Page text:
OK, so if I attempt a barrel breach chamfer


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Offline Jeff in Smithville

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OK, so if I attempt a barrel breach chamfer
« on: January 30, 2012, 03:18:09 AM »
This would be on a .177 Crosman Nitro Venom, which is apparently shipped with a flush breach and I think would benefit greatly from a little chamfer for the pellet skirt. Does anyone know how much "meat" there is to work with? I have no plans to get carried away, but I would certainly hate to discover that the true barrel is actually too thin to accept a chamfer. I guess these thoughts of mine also indicate that I am leaning towards not sending it back to Crosman. Any thoughts, experience or dire warnings?
  • Smithville, TX

Offline northern lights

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Re: OK, so if I attempt a barrel breach chamfer
« Reply #1 on: January 30, 2012, 10:39:19 AM »
Lot of metal to work with. It,s very simple to do with drill or demeral Just chamfer it a little bit bigger then the pellet size an about a 1/16-1/8 deep. Just go slow an you will be done in no time. All you are trying do is to keep the pellet skirts from getting damage when you close the breech. You might grain vels also with a better seal. I grained 50 fps on rws 34.

Offline dukemeister

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Re: OK, so if I attempt a barrel breach chamfer
« Reply #2 on: January 30, 2012, 08:03:56 PM »

from Cardew Trigger to Muzzle.
Try to get a rounded shape as shown in the picture. Doesn't have to be deep.
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Offline Zippy

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Re: OK, so if I attempt a barrel breach chamfer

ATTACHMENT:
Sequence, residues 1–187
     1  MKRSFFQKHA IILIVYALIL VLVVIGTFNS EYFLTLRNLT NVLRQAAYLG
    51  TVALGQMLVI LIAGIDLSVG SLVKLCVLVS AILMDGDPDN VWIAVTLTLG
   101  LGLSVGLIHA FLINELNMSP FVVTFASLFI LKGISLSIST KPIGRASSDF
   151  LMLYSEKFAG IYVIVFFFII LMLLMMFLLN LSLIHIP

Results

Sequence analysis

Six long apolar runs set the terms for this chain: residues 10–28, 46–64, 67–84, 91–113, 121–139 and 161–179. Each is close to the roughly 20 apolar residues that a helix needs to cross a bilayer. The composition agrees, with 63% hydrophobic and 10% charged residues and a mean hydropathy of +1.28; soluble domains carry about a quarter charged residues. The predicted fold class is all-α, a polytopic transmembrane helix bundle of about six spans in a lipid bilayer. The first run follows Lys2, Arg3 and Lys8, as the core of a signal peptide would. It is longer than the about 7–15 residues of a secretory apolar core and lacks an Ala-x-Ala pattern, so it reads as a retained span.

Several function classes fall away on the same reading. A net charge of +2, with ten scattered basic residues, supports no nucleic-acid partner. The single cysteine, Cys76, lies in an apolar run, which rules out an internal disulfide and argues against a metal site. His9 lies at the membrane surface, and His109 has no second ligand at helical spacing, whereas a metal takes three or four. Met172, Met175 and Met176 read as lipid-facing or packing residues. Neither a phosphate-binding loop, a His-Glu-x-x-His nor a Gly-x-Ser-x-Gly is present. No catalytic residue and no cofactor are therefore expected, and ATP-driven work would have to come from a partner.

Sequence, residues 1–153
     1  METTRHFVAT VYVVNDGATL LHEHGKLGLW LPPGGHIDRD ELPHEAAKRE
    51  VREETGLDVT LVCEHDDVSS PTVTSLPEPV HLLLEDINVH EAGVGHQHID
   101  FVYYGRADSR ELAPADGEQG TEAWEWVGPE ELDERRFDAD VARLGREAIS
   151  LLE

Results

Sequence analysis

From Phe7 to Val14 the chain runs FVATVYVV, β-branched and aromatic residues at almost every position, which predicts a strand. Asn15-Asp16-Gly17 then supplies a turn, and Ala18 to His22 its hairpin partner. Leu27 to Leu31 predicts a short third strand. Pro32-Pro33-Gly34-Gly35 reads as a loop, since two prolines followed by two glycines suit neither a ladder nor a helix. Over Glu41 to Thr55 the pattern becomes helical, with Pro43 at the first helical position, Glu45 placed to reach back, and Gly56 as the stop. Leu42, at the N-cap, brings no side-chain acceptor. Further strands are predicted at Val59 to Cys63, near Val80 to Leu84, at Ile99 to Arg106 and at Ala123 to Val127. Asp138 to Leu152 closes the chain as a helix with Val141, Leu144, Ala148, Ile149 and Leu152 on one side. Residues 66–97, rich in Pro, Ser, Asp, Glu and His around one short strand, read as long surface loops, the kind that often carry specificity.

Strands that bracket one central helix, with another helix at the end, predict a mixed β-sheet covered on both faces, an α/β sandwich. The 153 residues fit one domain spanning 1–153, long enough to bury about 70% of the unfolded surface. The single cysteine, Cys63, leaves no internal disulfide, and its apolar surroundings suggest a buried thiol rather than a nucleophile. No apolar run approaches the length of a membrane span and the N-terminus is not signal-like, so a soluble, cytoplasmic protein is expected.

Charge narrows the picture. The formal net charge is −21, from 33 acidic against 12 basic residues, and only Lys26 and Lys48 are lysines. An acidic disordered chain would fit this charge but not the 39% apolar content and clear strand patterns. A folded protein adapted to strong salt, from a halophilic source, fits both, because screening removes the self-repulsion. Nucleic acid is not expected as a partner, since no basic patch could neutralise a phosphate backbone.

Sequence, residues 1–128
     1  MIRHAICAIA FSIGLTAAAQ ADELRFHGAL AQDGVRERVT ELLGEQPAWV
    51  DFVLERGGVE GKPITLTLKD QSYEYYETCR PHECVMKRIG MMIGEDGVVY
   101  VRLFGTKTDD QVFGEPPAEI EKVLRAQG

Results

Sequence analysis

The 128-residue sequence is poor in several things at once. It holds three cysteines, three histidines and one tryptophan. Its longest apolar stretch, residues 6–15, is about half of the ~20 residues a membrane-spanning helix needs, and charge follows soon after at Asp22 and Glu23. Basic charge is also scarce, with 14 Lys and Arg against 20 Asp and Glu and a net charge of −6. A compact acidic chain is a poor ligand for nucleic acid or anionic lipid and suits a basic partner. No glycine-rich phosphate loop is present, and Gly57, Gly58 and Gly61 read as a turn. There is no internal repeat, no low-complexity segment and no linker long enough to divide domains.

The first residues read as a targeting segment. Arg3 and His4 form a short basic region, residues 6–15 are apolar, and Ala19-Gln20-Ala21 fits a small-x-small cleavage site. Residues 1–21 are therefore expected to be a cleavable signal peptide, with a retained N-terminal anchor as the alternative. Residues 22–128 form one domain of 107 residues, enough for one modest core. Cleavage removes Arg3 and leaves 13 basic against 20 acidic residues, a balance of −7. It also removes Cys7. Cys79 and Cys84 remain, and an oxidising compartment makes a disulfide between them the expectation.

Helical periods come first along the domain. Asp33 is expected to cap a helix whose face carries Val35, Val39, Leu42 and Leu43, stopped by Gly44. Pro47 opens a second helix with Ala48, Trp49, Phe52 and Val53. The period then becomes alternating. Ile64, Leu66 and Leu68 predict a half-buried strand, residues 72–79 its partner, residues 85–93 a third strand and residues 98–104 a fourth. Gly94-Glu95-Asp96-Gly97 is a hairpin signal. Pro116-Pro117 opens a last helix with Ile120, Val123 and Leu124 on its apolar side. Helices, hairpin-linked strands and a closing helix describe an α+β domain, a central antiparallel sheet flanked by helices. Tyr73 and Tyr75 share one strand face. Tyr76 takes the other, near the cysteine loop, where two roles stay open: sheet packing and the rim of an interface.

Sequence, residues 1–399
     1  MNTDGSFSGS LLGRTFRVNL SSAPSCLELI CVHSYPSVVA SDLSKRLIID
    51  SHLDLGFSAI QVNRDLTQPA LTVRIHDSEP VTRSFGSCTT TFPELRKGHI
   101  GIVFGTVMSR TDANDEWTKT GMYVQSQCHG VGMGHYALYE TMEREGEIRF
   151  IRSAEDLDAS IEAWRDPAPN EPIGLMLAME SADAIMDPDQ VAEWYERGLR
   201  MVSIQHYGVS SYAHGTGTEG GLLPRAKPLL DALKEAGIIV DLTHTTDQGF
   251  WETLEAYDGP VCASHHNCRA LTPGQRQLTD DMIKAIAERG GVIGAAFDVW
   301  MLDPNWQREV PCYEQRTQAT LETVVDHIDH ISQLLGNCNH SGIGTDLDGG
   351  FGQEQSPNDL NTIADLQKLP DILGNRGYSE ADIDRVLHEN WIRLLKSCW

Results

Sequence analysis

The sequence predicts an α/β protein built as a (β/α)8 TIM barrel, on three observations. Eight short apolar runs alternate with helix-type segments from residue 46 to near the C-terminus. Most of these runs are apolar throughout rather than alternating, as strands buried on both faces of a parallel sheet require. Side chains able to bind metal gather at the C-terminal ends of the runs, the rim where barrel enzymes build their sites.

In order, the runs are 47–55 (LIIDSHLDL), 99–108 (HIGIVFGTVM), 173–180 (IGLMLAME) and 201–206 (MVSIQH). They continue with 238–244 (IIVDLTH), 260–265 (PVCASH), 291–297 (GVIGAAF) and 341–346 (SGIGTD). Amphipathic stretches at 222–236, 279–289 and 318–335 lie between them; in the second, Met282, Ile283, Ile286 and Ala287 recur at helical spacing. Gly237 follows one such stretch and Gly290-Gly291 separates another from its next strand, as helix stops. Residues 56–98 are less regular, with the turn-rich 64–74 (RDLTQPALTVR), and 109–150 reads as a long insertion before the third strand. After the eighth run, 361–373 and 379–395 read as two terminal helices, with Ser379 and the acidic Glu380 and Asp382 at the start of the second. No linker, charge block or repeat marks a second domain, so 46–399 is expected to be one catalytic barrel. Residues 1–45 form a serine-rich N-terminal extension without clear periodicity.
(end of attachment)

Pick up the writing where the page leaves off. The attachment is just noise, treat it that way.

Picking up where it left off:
« Reply #3 on: January 30, 2012, 09:39:29 PM »
I'm new to all of this but have learned a lot from everyone here. I'm a toolie and this is what I use...McMaster-Carr do a search on tooling balls. Order the .250 and chuck it up in your drill. I use Clover or lapping compound and finish up with polishing compound you can get both at the same place. Slight deburr with a Knife to make sure no roll into the bore. Clean with goo gone done. Let me know guys if I'm on point on this. Thanks.
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Offline Jeff in Smithville

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Re: OK, so if I attempt a barrel breach chamfer
« Reply #4 on: January 31, 2012, 02:41:53 AM »
Thanks, gentlemen. And a radiused chamfer might bring a slight gain in velocity! Must be something about the movement of air. I won't be doing it this week, but this info helps me focus on the task. 
  • Smithville, TX

Offline john

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Re: OK, so if I attempt a barrel breach chamfer
« Reply #5 on: January 31, 2012, 10:45:10 AM »
...tooling balls...
you are definitely not going to get the radiused breech the Cardews concluded was ideal with a ball.  It'll be radiused alright but in the wrong direction, concave instead of convex. It would require a special tool. So my question has been why do this unless you can do it right?
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Offline Swine

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Re: OK, so if I attempt a barrel breach chamfer
« Reply #6 on: January 31, 2012, 11:03:15 AM »
Would it be a good idea to chamfer it, i guess with the proper bit and dremel or whatever the best option would, then use fine sand paper to kind of take the inner edge off by hand? maybe wrap it around a straw or something to sort of round it off??

Offline SAADE

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Re: OK, so if I attempt a barrel breach chamfer
« Reply #7 on: January 31, 2012, 11:24:48 AM »
Jeff: all you need is an .060 edgebreak x .060 deep. "1/8" is way to deep into the bore.

The edges, leading and ending both need an excellent polish to remove burrs and imperfections and to create a "roundness" as shown in dukemeister's post above.

The Cardews theory was no different than laminar flow characteristics used by engineers who design pneumatic devices, industrial ovens and the like.